On going

Ethiopian Sport Federation in North America


Every summer Ethiopians gather around for one full week to celebrate unity and culture while enjoying a soccer tournament along with other cultural activities. This event is organized by the Ethiopian Sports Federation in North America (ESFNA), a non-profit organization dedicated to promoting the rich Ethiopian culture and heritage as well as building a positive environment within Ethiopian American communities in North America. It attracts over 40,000 attendees from all around the U.S. and the world. I examine stakeholder's experiences with the current ESFNA website to understand pain points and design a solution that benefits the community as a whole and ESFNA as a non-profit organization.

Photo Credit - Jordan Mersha

The origin

How might the Ethiopian community in North America achieve access to ESFNA event information so that they can engage in the community and create transparency in the decision-making process of ESFNA ?

Role and challenge

ESFNA's website is an essential part of the organization where interactions with attendees and vendors take place. Most attendees coming from different parts of the U.S. and the world, an emphasis is put on the website to communicate information as effectively as possible. Yet it is put forward through many events that the website usability and poor content management are stirring those interactions, which leaves participants frustrated and dissatisfied. Thus, my biggest challenge was finding out how ESFNA can add value to the community while being transparent in the decision-making process.

My role involved both user research and visual design. Due to the event being hosted once a year, conducting user research at the event was challenging. It limited the research execution to be effective on the first run. However, the information acquired from the first research wasn’t sufficient thus it resulted in the research to be ongoing for two events (once a year totaling two years).

Design process

The stakeholders of this website are primarily event attendees, but it also touches vendors, third party organizations and ESFNA itself. I started my journey by conducting user research using mixed methods, primarily an interview was chosen as the core research method because of the limited time available with users. (actual available time with users was 5 days in a row for approximately 4 hours every day) This made the interview to be the most effective because I was able to walk around at the event and interview different age groups. The objective of the interview was to deeply understand users’ behaviors and pain points with the current ESFNA website. Other online research methods such as surveys and user feedback would’ve greatly excluded the older adults as they might not be fluent in technology thus hindering their access to those research methods. Secondarily, the interview was backed by three usability tests on nine additional users to evaluate the current layout and content organization of the website.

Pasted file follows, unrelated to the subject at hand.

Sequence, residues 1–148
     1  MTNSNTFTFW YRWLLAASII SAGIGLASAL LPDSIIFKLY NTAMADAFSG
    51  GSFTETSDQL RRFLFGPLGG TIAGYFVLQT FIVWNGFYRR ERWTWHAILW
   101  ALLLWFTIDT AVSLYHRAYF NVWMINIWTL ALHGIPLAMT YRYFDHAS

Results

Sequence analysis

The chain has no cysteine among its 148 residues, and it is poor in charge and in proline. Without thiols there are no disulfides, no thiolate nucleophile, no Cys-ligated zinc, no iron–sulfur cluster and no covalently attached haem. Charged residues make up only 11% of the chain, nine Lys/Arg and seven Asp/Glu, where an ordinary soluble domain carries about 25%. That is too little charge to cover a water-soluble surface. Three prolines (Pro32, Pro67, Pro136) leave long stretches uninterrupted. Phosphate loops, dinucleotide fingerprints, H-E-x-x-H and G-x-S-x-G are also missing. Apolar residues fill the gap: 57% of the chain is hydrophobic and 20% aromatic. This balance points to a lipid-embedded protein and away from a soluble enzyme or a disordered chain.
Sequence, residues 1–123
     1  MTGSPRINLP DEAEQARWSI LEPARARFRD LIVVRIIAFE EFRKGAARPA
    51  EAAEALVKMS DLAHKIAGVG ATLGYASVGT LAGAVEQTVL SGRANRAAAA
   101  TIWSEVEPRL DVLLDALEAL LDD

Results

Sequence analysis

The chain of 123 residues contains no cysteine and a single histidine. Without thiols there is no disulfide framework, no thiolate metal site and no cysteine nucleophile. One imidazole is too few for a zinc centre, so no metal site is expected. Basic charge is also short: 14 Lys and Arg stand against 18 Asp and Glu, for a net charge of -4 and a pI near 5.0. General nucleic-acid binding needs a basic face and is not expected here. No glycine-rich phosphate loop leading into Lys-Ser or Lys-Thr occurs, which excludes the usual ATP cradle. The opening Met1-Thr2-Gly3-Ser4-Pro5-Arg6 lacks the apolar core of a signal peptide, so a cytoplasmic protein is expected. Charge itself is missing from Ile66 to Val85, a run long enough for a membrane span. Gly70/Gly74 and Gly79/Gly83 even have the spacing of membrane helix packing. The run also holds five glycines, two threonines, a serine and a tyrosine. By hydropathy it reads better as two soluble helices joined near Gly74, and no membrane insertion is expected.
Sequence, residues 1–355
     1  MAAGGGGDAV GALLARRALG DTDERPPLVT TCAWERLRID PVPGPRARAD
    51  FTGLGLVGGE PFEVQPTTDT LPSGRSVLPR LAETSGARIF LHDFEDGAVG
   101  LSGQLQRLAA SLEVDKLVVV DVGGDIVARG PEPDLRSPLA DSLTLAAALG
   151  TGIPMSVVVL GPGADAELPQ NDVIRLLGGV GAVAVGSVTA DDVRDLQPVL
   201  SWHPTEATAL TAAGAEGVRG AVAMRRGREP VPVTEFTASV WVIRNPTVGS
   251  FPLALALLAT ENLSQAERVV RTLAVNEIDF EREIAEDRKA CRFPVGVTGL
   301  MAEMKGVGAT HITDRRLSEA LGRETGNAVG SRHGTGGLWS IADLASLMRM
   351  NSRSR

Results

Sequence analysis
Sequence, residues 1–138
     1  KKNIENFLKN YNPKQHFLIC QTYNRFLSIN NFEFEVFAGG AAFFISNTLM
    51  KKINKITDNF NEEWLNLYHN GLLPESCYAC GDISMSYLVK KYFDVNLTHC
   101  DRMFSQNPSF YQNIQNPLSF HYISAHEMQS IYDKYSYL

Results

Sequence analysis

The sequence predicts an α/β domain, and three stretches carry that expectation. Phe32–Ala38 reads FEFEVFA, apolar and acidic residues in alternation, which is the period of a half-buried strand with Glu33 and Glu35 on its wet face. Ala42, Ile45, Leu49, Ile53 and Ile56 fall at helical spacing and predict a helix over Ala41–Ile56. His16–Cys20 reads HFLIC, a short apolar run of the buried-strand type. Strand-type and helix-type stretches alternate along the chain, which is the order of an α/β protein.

Out of the twenty-two people interviewed, nineteen of them claimed that they would use their mobile devices to access the current website than a desktop computer due to the convenience of mobile devices. “In 2018, 58% of site visits were from mobile devices” (PerficientDigital). Interview findings in conjunction with the PerficientDigital research report led to designing the solution primarily for mobile with an intent to expand it to a desktop.

These methods allowed me to gain a deeper understanding by combining both qualitative and quantitative information. Although users were able to get most of the information on the home page, they continued to struggle with being forced to dig deeper into the website pages to find important information such as the event address, event deals offered by third party companies in partnership with ESFNA and more discussed below. Discussions with users from the interview revealed three major pain points:

  1. Information inaccessibility
  2. Communication unreachability
  3. Event access hindrance